We dipped our tires in the Mississippi River and that was it.
The end of a year long journey.
I remember my husband sitting by a campfire at the lake, talking to our friend Chris. We had dabbled in bicycle riding for some time, but we hadn’t taken the complete dive.
Then Chris asked a simple question, “Why don’t you go on RAGBRAI?”
And that was it.
We trained, riding our bikes over 1,000 miles before the trip began.
We were physically prepared for this monster. But there are some things you just can’t – and don’t – know how to prepare when you’re headed on this kind of journey.
So what did I learn?
The list could go on…and on…and on…
But here are just a few of the lessons that have been spinning around in my brain since we returned from our adventure in Iowa.
Sometimes you have to just keep pedaling.
There were days it felt like the hills would never, ever, end. I would be sailing down one hill, looking ahead – and there would be another monstrosity, taunting me with its steepness and ridiculousness.
One of my favorite things to say to strangers (yes, I talked to a lot of strangers) was, “I sure hope there are more hills today. Don’t you love hills?” And then see the incredulous look on their faces. Brady just shook his head in disbelief. But to stop in the middle of those hills only made it worse. So, no matter HOW VERY SLOW I was turning those wheels, I just had to keep going.
Isn’t that a great lesson for life? Sometimes, no matter how slow, how frustrating the climb might be, you just have to keep going, keep pushing. Because the top of that hill is coming – and then, folks, there’s a beautiful hill to coast down. And the breeze sure feels good.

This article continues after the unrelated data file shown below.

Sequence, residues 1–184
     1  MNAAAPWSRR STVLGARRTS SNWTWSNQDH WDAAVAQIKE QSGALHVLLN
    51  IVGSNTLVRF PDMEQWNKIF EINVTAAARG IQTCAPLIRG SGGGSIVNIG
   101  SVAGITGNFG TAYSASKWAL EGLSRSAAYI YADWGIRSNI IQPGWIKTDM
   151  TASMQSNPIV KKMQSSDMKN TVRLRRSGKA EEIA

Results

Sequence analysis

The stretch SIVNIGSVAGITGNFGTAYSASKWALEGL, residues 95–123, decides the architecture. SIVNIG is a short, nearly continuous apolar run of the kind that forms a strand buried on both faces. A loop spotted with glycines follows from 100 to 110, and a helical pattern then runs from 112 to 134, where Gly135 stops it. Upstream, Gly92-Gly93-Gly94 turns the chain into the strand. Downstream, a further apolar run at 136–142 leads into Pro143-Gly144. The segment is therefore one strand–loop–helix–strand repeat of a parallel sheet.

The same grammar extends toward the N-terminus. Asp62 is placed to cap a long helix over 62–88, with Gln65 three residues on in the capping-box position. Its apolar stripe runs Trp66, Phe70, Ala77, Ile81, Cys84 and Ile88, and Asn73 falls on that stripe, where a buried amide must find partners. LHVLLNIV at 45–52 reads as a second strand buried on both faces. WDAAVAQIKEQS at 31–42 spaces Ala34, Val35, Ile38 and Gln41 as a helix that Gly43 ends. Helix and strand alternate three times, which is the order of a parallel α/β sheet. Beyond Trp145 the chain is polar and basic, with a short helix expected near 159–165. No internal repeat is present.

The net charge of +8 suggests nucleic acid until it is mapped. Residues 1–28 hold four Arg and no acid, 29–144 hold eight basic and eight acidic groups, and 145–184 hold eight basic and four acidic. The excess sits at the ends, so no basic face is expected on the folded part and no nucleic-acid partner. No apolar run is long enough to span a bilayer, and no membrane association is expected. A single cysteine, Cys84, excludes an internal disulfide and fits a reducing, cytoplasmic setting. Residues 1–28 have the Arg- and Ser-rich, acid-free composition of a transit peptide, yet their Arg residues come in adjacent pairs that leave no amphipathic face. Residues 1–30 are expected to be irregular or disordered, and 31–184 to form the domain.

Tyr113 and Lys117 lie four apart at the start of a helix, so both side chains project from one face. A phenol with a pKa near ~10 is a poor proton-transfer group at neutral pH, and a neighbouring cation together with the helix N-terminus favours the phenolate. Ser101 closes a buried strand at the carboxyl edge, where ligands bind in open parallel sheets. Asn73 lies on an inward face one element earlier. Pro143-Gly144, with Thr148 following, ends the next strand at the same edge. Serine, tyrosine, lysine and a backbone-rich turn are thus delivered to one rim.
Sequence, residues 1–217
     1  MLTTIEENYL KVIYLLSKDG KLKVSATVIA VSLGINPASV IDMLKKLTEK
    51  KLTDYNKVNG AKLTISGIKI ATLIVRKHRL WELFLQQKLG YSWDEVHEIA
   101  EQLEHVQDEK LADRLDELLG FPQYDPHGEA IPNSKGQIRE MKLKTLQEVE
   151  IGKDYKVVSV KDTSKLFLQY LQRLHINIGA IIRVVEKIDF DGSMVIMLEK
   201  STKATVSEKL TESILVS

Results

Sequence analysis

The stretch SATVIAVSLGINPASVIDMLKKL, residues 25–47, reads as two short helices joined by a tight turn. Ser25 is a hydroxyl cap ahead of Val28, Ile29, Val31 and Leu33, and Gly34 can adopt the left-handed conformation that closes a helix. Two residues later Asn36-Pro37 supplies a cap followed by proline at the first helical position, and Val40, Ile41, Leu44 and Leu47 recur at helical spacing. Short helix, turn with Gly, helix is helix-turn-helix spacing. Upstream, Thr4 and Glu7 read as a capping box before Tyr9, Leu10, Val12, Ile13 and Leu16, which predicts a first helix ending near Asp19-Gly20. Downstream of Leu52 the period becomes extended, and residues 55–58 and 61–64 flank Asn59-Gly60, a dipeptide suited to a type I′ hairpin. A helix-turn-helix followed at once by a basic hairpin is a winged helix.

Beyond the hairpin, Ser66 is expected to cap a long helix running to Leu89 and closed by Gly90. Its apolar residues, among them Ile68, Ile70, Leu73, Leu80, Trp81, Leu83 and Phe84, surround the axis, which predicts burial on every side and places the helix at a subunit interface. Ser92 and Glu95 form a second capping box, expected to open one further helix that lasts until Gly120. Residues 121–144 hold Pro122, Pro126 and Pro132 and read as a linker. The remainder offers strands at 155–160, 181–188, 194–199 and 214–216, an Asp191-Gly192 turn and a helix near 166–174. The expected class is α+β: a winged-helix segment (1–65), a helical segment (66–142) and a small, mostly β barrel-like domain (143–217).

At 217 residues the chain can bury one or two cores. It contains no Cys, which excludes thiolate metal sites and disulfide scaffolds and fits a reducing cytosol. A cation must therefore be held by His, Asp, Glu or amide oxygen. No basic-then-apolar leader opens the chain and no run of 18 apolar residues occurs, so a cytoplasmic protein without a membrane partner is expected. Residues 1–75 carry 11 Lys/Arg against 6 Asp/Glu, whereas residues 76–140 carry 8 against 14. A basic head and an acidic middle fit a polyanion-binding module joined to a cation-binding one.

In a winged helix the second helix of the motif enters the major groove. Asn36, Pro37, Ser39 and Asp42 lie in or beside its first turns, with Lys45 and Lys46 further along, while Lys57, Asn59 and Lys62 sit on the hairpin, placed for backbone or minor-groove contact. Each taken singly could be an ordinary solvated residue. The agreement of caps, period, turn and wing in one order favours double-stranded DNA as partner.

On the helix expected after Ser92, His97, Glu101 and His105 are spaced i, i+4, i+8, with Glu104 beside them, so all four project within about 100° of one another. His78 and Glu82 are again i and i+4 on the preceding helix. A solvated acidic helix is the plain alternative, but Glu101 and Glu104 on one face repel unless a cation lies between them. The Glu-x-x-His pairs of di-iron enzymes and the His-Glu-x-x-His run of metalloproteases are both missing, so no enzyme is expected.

Stay two inches from Brady’s wheel.
On the last day we rode together, Brady and I reached this beautiful stride. Having ridden so long side by side, our legs eventually began to pedal in sync. Our cadence was identical, our gear shifts simultaneous.
We were riding fast on the last day. We had a deadline to reach our charter bus and head home, so there was no stopping for pork chops (Pork chops in a paper towel! Breakfast cuisine of champions!) or shopping for fun bike paraphernalia. We were on a mission.
Have you ever seen bicyclists in a pace line? They ride just behind one another and “draft”, using the force of the bicycles in front of them to pull them along. They take turns heading up the pack, pushing through the headwind. It’s actually a gorgeous metaphor for life, “taking the brunt” of the difficulty for your friends and family.
On that last day, we were riding side by side, busting out 18-20 mile stints, flying fast with a tailwind behind us.
Until we turned.
Only bicyclists can truly understand the headache of a headwind, the horror of a hill. And when we turned, we went headfirst into a strong wind that certainly slowed us down.
And we had a deadline to meet.
So Brady motioned for me to get behind him, and I hugged his wheel (he told me he really didn’t want to know just HOW close I was on his wheel since I tend to be kind of accident prone). He pushed into the headwind, allowing me to draft behind him.
My legs matched his cadence. We mirrored one another in every way. And it reminded me:
“Follow me as I follow Christ.”
I rode in tandem, trusting Brady’s ability to forge his way into the unknown. But I trusted him, his knowledge, his training, his strength.
It’s important who we follow. And everyone we follow should be someone who is following Christ, modeling His way, His footsteps.
Enjoy the ride.
What I loved a WHOLE LOT about RAGBRAI is that it wasn’t a race. My students all asked me if I was going to “win” RAGBRAI, and I laughed. Because RAGBRAI is really about the journey.